In the latest issue of the Pacific Economic Monitor, released yesterday (March 26), the ADB forecasts that the average rate of growth in its 14 developing member countries in the Pacific region will fall to 5.2%, as earlier gains from major foreign investments and public infrastructure projects fade. The performance of the region’s larger natural resource exporting economies (Papua New Guinea (PNG) and Timor-Leste) continues to drive the economic outlook, with these two economies comprising about two-thirds of the weight in the regional growth average.
Pacific growth projections 2013-14
In PNG, growth is projected to slow to 5.5% in 2013—from 9.2% in 2012. Most importantly, construction work on the $19 billion liquefied natural gas (LNG) project will shortly peak, with declines in construction and transport activity expected over the coming 18 months. Lower activity in these sectors is expected to spillover to other sectors, such as retail and wholesale trade. Falling prices of key agricultural exports and a strong kina are also expected to reduce rural incomes. To counter the effects of a slowing—albeit still strong—economy, PNG authorities plan to undertake a period of expansionary fiscal policy. The 2013 Budget will target a 27% increase in expenditure and a budget deficit of 7.2% of GDP in 2013, moderating to a deficit of 5.9% in 2014. Even with these increases, public debt is expected to remain low by historical standards—peaking at around 35% of GDP in 2014.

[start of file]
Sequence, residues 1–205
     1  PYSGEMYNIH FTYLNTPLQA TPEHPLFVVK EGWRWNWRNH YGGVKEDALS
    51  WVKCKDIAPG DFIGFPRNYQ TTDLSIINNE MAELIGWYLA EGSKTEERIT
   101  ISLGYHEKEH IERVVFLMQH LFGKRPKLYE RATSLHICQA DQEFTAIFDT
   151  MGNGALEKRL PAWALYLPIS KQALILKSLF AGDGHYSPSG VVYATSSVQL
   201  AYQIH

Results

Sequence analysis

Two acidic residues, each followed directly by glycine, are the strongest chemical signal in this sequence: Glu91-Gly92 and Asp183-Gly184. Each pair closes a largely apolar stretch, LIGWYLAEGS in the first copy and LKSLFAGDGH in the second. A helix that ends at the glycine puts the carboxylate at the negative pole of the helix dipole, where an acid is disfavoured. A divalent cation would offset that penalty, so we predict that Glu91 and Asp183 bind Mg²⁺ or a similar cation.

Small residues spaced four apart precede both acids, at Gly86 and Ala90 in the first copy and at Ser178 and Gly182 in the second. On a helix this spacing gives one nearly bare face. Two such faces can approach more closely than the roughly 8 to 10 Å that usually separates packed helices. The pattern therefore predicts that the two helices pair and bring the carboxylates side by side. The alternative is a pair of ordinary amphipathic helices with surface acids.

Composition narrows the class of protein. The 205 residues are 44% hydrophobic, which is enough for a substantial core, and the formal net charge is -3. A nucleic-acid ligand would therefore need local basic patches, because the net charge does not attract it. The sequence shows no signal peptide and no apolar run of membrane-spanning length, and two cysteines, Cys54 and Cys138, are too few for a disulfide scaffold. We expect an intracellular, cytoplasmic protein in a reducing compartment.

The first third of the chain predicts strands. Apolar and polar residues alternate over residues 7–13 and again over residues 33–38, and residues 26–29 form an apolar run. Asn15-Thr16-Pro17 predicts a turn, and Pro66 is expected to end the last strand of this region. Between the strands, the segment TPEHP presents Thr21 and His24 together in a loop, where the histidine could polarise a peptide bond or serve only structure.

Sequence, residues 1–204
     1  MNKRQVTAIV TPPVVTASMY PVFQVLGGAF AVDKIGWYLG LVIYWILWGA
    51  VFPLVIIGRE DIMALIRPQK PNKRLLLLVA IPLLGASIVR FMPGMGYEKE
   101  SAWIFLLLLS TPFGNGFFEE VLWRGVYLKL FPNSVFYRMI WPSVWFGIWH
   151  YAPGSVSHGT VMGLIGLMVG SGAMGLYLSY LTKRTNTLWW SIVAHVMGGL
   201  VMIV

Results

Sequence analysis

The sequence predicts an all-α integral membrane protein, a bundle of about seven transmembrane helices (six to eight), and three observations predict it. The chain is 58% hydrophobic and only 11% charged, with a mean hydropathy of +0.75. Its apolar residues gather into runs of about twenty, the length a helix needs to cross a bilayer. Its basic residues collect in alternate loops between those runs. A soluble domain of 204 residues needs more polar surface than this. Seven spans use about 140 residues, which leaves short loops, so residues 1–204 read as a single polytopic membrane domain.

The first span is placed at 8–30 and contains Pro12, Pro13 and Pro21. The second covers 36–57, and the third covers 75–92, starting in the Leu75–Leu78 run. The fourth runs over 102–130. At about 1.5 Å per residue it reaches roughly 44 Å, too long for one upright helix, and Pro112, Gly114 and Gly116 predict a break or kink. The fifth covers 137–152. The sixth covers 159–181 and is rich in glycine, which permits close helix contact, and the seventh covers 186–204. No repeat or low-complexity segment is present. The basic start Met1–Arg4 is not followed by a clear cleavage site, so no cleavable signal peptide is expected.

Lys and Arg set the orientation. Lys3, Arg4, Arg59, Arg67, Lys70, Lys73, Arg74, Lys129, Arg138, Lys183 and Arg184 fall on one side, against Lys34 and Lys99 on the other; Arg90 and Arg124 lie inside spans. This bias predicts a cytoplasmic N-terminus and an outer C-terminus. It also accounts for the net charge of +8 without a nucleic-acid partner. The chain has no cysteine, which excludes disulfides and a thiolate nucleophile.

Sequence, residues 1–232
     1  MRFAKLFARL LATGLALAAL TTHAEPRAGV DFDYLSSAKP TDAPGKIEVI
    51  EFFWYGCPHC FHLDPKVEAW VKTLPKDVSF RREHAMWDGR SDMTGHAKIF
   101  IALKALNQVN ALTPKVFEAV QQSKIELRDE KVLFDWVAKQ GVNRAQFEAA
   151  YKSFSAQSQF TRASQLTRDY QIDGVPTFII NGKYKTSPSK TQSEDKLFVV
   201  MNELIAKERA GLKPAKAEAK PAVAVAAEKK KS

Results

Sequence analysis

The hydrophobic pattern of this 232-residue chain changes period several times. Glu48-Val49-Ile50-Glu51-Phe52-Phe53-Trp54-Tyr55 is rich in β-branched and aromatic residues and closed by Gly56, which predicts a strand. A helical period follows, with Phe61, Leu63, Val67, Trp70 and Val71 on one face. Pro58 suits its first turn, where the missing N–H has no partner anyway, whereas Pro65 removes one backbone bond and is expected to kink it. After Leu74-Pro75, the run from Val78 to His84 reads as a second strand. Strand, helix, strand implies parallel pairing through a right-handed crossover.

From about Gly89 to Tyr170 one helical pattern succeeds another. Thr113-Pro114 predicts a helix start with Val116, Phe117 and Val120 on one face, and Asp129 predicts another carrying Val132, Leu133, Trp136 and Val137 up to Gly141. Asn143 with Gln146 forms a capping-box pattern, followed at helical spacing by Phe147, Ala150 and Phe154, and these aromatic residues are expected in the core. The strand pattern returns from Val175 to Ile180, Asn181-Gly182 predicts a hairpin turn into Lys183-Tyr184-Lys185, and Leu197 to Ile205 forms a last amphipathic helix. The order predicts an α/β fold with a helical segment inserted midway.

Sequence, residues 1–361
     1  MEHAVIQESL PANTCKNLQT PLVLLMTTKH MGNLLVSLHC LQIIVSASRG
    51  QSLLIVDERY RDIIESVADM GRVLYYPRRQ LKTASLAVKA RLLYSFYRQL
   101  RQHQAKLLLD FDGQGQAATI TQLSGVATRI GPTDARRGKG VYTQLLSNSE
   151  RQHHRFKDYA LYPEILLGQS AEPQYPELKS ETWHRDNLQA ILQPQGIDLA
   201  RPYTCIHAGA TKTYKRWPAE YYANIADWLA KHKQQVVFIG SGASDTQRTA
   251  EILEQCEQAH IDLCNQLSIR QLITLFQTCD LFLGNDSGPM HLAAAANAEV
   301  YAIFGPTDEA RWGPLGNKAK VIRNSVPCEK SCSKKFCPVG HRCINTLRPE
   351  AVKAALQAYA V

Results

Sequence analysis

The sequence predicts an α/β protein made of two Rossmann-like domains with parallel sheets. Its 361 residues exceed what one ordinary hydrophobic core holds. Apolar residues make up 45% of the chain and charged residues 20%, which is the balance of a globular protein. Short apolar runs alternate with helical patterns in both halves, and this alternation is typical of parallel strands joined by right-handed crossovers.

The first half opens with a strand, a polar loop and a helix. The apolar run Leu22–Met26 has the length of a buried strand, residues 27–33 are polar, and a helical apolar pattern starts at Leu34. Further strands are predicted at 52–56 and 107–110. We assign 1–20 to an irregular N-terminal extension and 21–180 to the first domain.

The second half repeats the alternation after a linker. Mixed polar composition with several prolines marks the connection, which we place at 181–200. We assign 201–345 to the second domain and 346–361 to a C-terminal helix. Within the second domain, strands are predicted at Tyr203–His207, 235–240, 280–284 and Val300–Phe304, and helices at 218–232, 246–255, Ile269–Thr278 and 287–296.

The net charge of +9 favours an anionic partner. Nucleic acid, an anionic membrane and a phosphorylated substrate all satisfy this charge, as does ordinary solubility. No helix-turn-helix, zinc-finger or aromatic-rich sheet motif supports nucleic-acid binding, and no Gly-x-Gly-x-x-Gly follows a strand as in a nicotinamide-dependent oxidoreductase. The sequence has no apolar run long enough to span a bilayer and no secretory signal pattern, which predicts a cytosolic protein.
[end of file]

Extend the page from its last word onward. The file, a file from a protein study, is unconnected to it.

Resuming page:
Timor-Leste’s economy is expected to continue to be the fastest growing in the region, with non-petroleum growth of 10.0%, down slightly from 10.6% in 2012. Although public expenditures in the 2013 Budget are 8.8% lower than in 2012, the weaknesses in project implementation experienced in previous years, along with expected improvements in 2013, means actual expenditures are likely to increase. The economy will also benefit from modest increases in private investment outside the petroleum sector.
Economic growth in the Pacific islands will be much slower than the resource exporting economies and is expected, on average, to continue to moderate, falling to 2.2% in 2013 (from 2.5% in 2012 and 2.8% in 2011). Across the 12 economies, ADB expects growth slowdowns in seven during 2013.
The largest, Fiji, is expected to suffer from the impact of Cyclone Evan as well as ongoing declines in sugar production, which ADB expects will slow growth to 2.0% in 2013, from 2.5% in 2012. However, if progress continues to be made towards planned elections in 2014, there could be a significant upside risk to this forecast.
Reduced stimulus from completed or nearly completed public construction projects is expected to weigh down growth in Cook Islands, the Federated States of Micronesia, Samoa, and Tonga. Samoa’s growth this year is also expected to be impaired by the impacts of Cyclone Evan. The Solomon Islands economy will be hurt by ongoing declines in log production. However, at 5.5% in 2012 and 4.0% in 2013, Solomon Islands growth remains relatively strong by regional standards due to rising agricultural production and gold output. Slightly lower growth in 2013 is also expected in Palau’s economy as the country addresses challenges associated with peak-period capacity constraints in its tourism facilities.